“Not at all.” He moved his leg. “I’m excited. I just don’t want you to be upset.”

“Why would I be upset?” I made a move to stroke his rough cheek, but he drew away and started scratching at a gouge in the bench.

“I’m not going back to school next fall.”

His words sank in. “What do you mean? What will you do?”

“I’m not cut out for this stuff, El. You love it. I don’t. I don’t care that Michelangelo spent four years on his back painting that ceiling.” He looked me full in the face. “The past few weeks have felt like four years to me.”

I clutched my arms as if to protect myself from a storm at sea.

“I’ve been talking to Mike.”

I grew uneasy when Nick talked to this Mike guy during class breaks. He was swarthy, with grease under his fingernails, not someone I wanted to be around. Meanwhile, I made an effort to talk to some of the girls, while trying to disguise how much I watched Nick out of the corner of my eye. The situation made me feel like a hovering, overprotective mother, but I couldn’t help myself.

“His dad owns a garage. The old guy’s sick and forced to retire. Mike’s quitting school to take over. He wants me to work with him.” Nick assessed my reaction, then sat up straighter. “I start tomorrow.”

“No asking my opinion? What am I supposed to do while you’re working all summer?” Suddenly, I felt rudderless, and my usually controlled voice had escalated to a shriek. A group of girls strolling by stopped and turned, like a flock of ducks on a pond. They gave Nick a quick once-over, then paddled away. This time their attention didn’t make me feel the least bit pleased.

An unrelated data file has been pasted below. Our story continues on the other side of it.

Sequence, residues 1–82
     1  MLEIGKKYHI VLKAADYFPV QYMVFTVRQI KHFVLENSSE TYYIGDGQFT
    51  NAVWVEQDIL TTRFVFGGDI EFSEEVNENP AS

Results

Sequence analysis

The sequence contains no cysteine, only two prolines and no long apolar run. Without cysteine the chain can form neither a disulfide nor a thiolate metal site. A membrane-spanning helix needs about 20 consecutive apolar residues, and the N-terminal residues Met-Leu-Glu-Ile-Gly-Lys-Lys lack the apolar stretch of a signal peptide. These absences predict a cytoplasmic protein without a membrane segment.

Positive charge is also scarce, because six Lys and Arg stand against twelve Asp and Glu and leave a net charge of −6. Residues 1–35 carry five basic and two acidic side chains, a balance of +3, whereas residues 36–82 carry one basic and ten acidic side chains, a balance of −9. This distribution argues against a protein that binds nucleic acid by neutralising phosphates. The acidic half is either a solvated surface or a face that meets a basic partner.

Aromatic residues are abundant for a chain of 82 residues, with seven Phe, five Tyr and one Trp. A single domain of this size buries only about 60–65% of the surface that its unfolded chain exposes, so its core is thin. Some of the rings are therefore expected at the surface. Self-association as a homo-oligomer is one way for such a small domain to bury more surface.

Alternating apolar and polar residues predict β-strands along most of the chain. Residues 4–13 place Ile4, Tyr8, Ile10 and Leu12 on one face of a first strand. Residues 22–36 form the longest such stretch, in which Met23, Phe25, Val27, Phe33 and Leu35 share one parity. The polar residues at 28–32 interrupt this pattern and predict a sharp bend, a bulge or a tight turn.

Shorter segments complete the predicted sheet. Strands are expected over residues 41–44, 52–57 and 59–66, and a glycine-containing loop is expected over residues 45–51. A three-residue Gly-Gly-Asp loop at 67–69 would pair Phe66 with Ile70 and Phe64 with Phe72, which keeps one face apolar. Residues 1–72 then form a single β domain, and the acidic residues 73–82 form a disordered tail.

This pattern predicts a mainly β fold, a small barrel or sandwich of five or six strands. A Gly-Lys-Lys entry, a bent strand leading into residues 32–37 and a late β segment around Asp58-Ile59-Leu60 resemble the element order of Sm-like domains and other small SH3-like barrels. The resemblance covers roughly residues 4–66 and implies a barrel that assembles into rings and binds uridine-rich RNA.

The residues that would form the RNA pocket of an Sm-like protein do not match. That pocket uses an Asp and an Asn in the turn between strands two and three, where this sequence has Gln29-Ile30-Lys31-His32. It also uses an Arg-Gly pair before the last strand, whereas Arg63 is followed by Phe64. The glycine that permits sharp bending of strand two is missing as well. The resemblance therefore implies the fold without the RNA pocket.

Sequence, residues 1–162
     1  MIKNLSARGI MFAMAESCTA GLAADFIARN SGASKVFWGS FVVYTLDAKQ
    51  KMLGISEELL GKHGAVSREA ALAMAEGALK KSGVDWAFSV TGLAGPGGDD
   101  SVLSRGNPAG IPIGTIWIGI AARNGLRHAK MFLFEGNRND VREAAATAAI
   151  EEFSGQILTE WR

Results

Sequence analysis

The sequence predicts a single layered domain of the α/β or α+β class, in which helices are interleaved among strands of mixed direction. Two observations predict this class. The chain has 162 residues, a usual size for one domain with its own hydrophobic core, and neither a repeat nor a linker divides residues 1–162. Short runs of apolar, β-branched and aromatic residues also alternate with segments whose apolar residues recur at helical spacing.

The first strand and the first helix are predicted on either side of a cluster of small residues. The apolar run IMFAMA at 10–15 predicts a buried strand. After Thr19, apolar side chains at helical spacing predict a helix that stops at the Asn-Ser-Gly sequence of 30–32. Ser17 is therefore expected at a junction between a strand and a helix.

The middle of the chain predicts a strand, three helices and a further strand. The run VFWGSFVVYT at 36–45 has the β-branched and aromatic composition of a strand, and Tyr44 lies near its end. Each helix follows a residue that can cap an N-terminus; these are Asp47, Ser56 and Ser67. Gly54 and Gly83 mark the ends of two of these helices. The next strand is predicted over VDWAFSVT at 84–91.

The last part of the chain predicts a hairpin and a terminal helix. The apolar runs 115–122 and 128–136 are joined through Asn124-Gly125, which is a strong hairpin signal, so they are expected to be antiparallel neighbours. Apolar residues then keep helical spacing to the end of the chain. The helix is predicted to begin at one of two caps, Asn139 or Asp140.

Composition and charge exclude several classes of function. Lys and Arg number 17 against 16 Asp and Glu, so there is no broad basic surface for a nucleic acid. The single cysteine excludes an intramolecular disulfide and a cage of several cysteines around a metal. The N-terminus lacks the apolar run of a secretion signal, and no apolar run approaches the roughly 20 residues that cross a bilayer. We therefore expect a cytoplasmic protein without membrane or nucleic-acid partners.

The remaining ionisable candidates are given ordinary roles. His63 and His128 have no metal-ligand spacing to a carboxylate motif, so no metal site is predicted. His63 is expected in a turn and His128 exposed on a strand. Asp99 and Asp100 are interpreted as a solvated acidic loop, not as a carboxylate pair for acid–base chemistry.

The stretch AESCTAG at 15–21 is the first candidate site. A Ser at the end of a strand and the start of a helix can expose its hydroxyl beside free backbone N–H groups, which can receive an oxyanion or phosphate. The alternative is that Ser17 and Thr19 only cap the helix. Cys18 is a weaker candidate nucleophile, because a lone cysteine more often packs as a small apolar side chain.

“I knew you’d be upset, and I’m really sorry, but I can’t back down.” He put an arm around my “bony frame,” which he’d taken to teasing me about—in a loving way. “Let’s go home. There’s the rest of today. We can make the most of it.”

I peered at him, almost able to touch the waves of enthusiasm emanating from his body. More than anything, I wanted him to be happy.

“Okay.” I rose from the bench, already resigned to the future. The beginnings of a familiar tingle made me quicken my step.

That’s how it worked—easily distracted. Whenever I grew bothered by something Nick did or didn’t do, even though I seldom said anything, he sensed it, and at the earliest possible moment we were in our bedroom, where he stroked and plucked my body like a well-tuned instrument, his hands working me into a trembling, taut tension, until release was near, like the highest note on my violin, the piercing, exquisite sensation of a thin golden string running up through my insides, stretching tighter and tighter, until it could go no further…a sostenuto…followed by my soft exclamation and a tumbling down - down - down in a series of deepening tones.


I dropped by the garage every day, bringing lunch from a nearby deli. Nick seemed to appreciate each sandwich surprise. Often he would be with a customer, so I’d slip off to a corner of the grimy-smelling room, holding a brown bag and a Dr. Pepper, trying to be inconspicuous.